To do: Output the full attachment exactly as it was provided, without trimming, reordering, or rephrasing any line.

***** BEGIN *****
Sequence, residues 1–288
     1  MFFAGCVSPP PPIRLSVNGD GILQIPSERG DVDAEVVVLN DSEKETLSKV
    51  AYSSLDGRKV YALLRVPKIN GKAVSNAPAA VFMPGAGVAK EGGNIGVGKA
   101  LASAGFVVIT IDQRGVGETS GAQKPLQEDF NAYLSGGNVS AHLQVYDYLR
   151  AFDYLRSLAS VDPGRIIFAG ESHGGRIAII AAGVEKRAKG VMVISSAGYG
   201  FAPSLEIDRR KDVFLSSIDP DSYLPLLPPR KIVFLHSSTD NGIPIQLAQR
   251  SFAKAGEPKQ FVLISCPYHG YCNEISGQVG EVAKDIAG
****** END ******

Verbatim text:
Sequence, residues 1–288
     1  MFFAGCVSPP PPIRLSVNGD GILQIPSERG DVDAEVVVLN DSEKETLSKV
    51  AYSSLDGRKV YALLRVPKIN GKAVSNAPAA VFMPGAGVAK EGGNIGVGKA
   101  LASAGFVVIT IDQRGVGETS GAQKPLQEDF NAYLSGGNVS AHLQVYDYLR
   151  AFDYLRSLAS VDPGRIIFAG ESHGGRIAII AAGVEKRAKG VMVISSAGYG
   201  FAPSLEIDRR KDVFLSSIDP DSYLPLLPPR KIVFLHSSTD NGIPIQLAQR
   251  SFAKAGEPKQ FVLISCPYHG YCNEISGQVG EVAKDIAG